Lauren Frayer

Jewish women sing songs of worship as they march arm in arm with male supporters through an ultra-Orthodox area of Jerusalem's Old City.

They're from a group called Women of the Wall, which lobbies for women to be allowed to pray, sing and read the Bible aloud at the Western Wall, the most important site for Jewish prayer. They hold these marches about once a month, and they often get heckled. Today is no different.

Thousands of soccer fans chant and beat drums in the stands. An announcer narrates, on live radio, the start of the match.

Players from Gaza's top soccer league sprint and dive for the ball. Going for a header, two players collide — and one lands on the leg of the other.

What happens next has never happened in Gaza before: A woman in a pink Muslim headscarf dashes out from the sidelines. She's there to treat the player whose leg was injured.

It looks like Surf City, USA: White sand beaches that stretch for miles, sunshine, a soft breeze and some pretty gnarly waves.

But this is not California. It's the Gaza Strip. This coastal Palestinian territory is more famous for conflict with Israel. Visitors have to pass through military checkpoints to enter the strip, and Israeli drones often buzz overhead. There are piles of rubble from years of war.

But Gaza also has a 25-mile Mediterranean coast and a small local surf scene.

Thousands of teenagers swoon — Arabs and Jews alike — as Tamer Nafar takes the stage. He's a member of Israel's Palestinian Arab minority, a founding member of the Palestinian hip-hop group DAM — and he sings in Arabic.

At this concert last month in northern Israel, part of a multicultural gathering on the sidelines of the Haifa Film Festival, where Israeli musicians of Ethiopian and Indian descent are also performing, "I'm not political," he raps.

Huddled over a hot griddle in the back of his food truck, Abdel Rahman Rahim al-Bibi doesn't hold back on the curry powder. He's frying up shish taouk — a spicy chicken kebab dish popular in the Middle East.

Aromas waft down the block, and a line forms on the city sidewalk next to al-Bibi's truck — office workers popping out for a quick bite, a mother and her two children, and a law student on his way home from the gym.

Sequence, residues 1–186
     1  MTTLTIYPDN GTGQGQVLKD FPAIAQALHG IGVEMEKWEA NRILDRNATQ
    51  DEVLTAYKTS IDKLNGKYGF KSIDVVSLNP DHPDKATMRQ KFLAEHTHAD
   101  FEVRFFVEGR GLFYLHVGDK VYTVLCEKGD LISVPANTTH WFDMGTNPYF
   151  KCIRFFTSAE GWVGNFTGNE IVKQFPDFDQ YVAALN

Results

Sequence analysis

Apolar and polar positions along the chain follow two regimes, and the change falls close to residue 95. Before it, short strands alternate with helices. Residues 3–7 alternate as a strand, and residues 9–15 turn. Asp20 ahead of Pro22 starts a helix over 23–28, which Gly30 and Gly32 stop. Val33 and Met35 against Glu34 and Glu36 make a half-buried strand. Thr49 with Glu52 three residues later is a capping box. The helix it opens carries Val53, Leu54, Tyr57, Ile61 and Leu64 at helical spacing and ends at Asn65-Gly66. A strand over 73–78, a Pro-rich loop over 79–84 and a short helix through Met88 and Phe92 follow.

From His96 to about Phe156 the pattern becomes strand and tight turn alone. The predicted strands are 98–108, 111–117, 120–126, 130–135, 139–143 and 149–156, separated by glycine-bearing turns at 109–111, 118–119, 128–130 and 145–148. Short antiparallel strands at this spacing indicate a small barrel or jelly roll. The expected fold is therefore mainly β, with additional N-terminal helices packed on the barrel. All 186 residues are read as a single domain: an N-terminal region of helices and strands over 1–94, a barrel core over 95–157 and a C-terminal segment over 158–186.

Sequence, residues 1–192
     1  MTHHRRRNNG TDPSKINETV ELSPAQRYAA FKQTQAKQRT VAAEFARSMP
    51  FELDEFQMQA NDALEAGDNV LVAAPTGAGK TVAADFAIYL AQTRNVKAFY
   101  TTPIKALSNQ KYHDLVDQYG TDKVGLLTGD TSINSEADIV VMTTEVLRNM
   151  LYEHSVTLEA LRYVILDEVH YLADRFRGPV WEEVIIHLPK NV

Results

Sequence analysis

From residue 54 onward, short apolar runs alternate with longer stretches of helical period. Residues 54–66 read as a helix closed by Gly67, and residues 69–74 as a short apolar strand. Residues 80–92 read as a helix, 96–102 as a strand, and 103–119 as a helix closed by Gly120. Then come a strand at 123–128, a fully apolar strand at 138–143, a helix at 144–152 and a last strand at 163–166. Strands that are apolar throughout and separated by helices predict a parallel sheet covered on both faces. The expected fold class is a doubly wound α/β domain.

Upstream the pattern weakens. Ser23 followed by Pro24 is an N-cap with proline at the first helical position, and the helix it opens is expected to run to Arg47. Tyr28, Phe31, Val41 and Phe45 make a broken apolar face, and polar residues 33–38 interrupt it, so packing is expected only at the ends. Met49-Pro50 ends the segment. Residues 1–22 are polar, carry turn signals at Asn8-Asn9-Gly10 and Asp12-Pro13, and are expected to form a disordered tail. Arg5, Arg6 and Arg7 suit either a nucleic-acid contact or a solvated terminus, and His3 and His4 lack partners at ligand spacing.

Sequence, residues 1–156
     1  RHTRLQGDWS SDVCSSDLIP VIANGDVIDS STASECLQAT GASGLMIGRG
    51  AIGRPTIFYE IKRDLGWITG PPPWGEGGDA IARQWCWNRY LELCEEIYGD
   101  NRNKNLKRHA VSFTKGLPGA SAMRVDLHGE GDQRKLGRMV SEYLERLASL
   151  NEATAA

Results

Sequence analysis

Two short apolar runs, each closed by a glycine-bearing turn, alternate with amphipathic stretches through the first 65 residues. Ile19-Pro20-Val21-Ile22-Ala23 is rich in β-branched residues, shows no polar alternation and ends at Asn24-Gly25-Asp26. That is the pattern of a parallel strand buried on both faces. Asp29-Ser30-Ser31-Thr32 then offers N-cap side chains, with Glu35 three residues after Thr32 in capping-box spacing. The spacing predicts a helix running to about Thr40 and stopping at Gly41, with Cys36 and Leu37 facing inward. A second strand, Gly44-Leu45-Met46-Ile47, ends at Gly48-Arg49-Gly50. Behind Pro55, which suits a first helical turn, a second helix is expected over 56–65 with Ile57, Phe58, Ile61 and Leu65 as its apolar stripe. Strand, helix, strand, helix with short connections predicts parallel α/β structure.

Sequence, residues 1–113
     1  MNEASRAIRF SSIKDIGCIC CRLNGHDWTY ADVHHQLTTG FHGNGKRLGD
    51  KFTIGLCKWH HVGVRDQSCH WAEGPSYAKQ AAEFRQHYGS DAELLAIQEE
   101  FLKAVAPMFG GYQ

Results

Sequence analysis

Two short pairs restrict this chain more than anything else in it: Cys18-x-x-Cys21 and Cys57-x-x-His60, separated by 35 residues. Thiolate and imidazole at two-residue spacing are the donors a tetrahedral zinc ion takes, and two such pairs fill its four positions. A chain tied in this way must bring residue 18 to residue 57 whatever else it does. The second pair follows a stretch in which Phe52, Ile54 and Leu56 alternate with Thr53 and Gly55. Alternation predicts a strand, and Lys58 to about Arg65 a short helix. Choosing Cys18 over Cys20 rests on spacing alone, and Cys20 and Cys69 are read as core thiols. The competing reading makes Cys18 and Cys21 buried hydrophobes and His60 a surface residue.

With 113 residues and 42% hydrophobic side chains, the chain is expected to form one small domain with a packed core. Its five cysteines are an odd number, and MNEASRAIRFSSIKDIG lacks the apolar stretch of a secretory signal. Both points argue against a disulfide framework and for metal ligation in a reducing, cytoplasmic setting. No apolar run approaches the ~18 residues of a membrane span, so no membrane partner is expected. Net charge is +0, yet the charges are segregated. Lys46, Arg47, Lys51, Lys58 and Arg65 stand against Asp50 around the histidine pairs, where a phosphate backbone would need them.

Copyright 2016 NPR. To see more, visit http://www.npr.org/.

ALLISON AUBREY, HOST:

It's the dog days of August, a time when the excitement of summer vacation gives way to boredom, baking in the heat and waiting for the next school year to start. So we thought it would be a good time to talk movies, specifically kids' movies.

Beef cheeks sizzle in a frying pan. Oysters float in melon puree. And culinary students from all over the world huddle in silent rapture around a stove in central London.

Food gods are in their midst.

The Roca brothers — Joan, Josep and Jordi — are the chef-proprietors of El Celler de Can Roca, a restaurant in northeast Spain that's among the top-rated in the world. To international foodies, the Rocas are rock stars of haute cuisine.

In a muddy field in northern England's Lake District, more than 20,000 people are camping out at a four-day outdoor music festival called Kendal Calling. They jam along with their favorite bands. Some people wear outlandish costumes: There are superheroes, Indian chiefs and a naked guy wearing only transparent plastic wrap. There's dancing, drinking and occasionally, some illicit drug use.

A five-hour drive southwest of Madrid, I pull into a tiny town square filled with songbirds and an outsized Catholic church — where Eduardo Sousa and Diego Labourdette are waiting.

They're an odd couple. Sousa is a jovial fifth-generation Spanish farmer. Labourdette is a soft-spoken academic — an ecologist and migratory bird expert — who teaches at a university in Madrid. But they're in business together — in the foie gras business.

It may be cloudy and cold, with stones rather than sand underfoot, but the English seaside could get an unexpected boost this summer — courtesy of the Brexit.

Britain's June vote to leave the European Union has depressed the value of the British pound, and is likely to make Britons' airline tickets more expensive for summer vacations. So many are opting for "staycations" instead.

"In my circle of friends, I suspect many people will stay in the U.K. as opposed to going abroad," says Matthew Kirk, 42, who works in IT in London.

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